Microchip: Inductive position sensors measure movements

March 11, 2024  - By

Controlling an earthmoving machine to perform a task requires knowing exactly where its bucket or blade contacts the dirt. Therefore, in addition to knowing the machine’s position, it is necessary to model, in real-time, the rotation at each pivot point and apply some mathematics and trigonometry.

Microchip makes an integrated circuit, known as an inductive position sensor, that is very well suited for machine control because it is not affected by the harsh conditions on most construction sites — temperature extremes, water, dust and dirt — and the vibrations caused by the machine itself. Additionally, it is not affected by the stray magnetic fields generated by electric motors, which are increasingly common on those machines.

Inductive position sensors are used in many automotive systems. (Photo: Microchip)

Inductive position sensors are used in many automotive systems. (Photo: Microchip)

“We use our inductive position sensing to measure the angle or the linear movement of some sort of target to get a machine to perform its task,” said Mark Smith, product line manager for many different mixed signal products at Microchip. “For example, to control a blade on an earthmoving machine to do something, you need to have feedback about its current angle.”

Microchip also makes sensors for human interfaces, such as accelerator pedals in cars, which no longer have cables that run up to the motor. “Any sort of movement, such as the angles of rotation of a robotic arm, must be monitored and measured. Inductive position sensing is one of the up-and-coming ways to do it,” said Smith.

To direct a task, a central processing unit must then analyze and integrate the data from the sensors. For that, Microchip makes many types of computing elements — including mini-computers and microcontrollers.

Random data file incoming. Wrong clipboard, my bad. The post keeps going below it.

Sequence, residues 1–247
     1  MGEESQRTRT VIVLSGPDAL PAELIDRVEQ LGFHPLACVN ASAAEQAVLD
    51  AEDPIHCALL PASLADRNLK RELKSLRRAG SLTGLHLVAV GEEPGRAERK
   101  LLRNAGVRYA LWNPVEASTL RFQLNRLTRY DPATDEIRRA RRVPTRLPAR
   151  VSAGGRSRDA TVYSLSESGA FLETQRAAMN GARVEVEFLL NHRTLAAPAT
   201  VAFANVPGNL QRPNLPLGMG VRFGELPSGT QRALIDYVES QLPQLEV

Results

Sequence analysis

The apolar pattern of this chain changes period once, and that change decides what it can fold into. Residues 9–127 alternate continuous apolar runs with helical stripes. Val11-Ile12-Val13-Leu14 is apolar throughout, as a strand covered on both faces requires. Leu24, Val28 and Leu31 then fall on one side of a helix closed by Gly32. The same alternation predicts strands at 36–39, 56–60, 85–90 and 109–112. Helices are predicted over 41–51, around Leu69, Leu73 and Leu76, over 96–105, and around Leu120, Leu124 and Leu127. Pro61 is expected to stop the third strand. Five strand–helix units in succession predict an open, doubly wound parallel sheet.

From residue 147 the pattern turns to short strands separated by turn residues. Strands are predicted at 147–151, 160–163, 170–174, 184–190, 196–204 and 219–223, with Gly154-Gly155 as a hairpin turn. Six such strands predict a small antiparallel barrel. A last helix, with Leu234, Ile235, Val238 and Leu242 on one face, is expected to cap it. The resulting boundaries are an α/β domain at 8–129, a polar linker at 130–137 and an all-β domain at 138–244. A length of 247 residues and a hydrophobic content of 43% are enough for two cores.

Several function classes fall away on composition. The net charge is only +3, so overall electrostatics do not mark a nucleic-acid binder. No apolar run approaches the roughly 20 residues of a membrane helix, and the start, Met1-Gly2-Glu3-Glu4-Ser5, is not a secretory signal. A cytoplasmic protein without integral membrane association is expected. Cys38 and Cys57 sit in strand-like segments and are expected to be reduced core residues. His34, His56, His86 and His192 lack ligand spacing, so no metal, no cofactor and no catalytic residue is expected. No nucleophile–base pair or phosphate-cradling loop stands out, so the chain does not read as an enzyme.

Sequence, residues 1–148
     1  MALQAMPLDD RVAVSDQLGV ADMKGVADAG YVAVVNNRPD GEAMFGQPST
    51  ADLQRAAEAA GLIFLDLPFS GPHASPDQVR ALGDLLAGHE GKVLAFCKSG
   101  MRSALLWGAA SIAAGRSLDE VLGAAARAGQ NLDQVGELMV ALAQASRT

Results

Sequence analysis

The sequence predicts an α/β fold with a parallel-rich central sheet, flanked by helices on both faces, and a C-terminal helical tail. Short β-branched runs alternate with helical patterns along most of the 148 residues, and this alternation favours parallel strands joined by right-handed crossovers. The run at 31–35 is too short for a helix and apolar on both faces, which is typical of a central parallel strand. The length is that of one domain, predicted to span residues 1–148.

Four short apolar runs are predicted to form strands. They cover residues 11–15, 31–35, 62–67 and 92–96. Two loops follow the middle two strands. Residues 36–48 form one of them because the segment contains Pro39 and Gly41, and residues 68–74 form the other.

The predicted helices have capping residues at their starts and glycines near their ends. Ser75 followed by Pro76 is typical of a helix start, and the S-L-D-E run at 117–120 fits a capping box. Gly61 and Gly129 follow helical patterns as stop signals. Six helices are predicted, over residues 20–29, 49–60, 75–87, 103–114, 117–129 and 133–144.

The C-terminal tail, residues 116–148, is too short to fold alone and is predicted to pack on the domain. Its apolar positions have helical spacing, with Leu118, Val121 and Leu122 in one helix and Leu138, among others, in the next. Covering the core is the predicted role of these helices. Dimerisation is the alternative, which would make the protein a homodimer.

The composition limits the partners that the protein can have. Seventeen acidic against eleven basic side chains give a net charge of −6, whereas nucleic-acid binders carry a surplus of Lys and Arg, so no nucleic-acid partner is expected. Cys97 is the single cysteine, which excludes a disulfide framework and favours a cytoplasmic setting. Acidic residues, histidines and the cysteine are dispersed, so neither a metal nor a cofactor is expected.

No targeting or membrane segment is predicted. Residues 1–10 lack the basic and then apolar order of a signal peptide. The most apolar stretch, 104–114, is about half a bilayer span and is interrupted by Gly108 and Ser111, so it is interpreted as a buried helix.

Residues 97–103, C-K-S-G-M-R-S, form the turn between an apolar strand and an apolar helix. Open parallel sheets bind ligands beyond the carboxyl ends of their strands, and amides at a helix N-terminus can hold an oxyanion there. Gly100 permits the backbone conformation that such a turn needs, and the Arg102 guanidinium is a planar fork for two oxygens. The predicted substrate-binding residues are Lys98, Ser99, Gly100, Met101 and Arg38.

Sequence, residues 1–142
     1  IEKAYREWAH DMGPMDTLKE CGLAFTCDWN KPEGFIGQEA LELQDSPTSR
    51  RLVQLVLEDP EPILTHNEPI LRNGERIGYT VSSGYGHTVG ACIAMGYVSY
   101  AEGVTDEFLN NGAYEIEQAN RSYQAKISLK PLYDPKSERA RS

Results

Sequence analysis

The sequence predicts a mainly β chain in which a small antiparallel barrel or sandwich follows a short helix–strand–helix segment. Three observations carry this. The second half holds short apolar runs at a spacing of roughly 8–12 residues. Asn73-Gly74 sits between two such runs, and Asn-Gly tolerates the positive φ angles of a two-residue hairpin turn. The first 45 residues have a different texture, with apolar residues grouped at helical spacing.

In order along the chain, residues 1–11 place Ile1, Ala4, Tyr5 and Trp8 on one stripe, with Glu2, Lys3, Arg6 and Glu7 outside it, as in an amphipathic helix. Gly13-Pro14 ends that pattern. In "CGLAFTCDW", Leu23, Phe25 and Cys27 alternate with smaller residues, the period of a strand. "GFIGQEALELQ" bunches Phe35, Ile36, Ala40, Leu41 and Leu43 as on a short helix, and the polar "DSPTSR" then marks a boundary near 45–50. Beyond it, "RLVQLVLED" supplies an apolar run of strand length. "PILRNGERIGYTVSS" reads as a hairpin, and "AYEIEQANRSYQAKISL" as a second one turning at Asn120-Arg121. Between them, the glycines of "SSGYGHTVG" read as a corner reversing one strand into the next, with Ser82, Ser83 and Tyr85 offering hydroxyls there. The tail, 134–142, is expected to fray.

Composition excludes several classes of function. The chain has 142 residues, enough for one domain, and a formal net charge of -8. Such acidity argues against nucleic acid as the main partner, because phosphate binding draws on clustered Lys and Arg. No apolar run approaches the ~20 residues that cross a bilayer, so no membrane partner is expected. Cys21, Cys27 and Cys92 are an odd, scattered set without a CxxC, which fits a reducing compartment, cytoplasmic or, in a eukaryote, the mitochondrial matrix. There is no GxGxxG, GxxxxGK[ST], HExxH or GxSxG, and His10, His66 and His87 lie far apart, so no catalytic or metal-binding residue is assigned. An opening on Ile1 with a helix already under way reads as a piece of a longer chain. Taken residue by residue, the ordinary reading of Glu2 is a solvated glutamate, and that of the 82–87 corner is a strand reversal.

“One of the things that’s coming up with many of these vehicles is ambient magnetic noise in the system,” said Smith, “because you’re next to electric motors these days. You want sensors that are immune to stray magnetic fields. We started with automotive, but we’re also seeing it now in industrial environments, including earthmoving vehicles.” Inductive position sensors, Smith said, are simpler, cheaper, lighter, and better able to withstand extreme temperatures than what they are replacing. “Also, because they are non-contact, the circuit board can be environmentally protected.”

Vibrations also are a concern. “There is an air gap between the target and the sensor itself,” Smith said. “We have an automatic gain control at the sensing side that is constantly adjusting the gain to get the maximum signal strength. This is a fast-moving control algorithm that can adjust the gain to ensure that the vibration does not affect the performance. When everything is operating at its maximum torque, this starts to matter.”

About the Author: Matteo Luccio

Matteo Luccio, GPS World’s Editor-in-Chief, possesses more than 20 years of experience as a writer and editor for GNSS and geospatial technology magazines. He began his career in the industry in 2000, serving as managing editor of GPS World and Galileo’s World, then as editor of Earth Observation Magazine and GIS Monitor. His technical articles have been published in more than 20 professional magazines, including Professional Surveyor Magazine, Apogeo Spatial and xyHt. Luccio holds a master’s degree in political science from MIT. He can be reached at mluccio@northcoastmedia.net or 541-543-0525.